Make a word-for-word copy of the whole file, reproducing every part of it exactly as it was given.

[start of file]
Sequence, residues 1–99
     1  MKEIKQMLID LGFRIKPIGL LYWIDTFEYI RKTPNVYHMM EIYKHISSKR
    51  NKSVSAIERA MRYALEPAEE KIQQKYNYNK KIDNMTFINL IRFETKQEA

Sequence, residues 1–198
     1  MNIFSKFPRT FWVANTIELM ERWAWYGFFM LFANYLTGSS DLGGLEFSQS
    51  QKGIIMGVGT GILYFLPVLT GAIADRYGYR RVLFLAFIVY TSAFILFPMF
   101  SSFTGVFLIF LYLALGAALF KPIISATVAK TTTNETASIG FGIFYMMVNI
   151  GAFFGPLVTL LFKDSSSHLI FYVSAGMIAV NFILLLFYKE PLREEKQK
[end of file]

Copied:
Sequence, residues 1–99
     1  MKEIKQMLID LGFRIKPIGL LYWIDTFEYI RKTPNVYHMM EIYKHISSKR
    51  NKSVSAIERA MRYALEPAEE KIQQKYNYNK KIDNMTFINL IRFETKQEA

Sequence, residues 1–198
     1  MNIFSKFPRT FWVANTIELM ERWAWYGFFM LFANYLTGSS DLGGLEFSQS
    51  QKGIIMGVGT GILYFLPVLT GAIADRYGYR RVLFLAFIVY TSAFILFPMF
   101  SSFTGVFLIF LYLALGAALF KPIISATVAK TTTNETASIG FGIFYMMVNI
   151  GAFFGPLVTL LFKDSSSHLI FYVSAGMIAV NFILLLFYKE PLREEKQK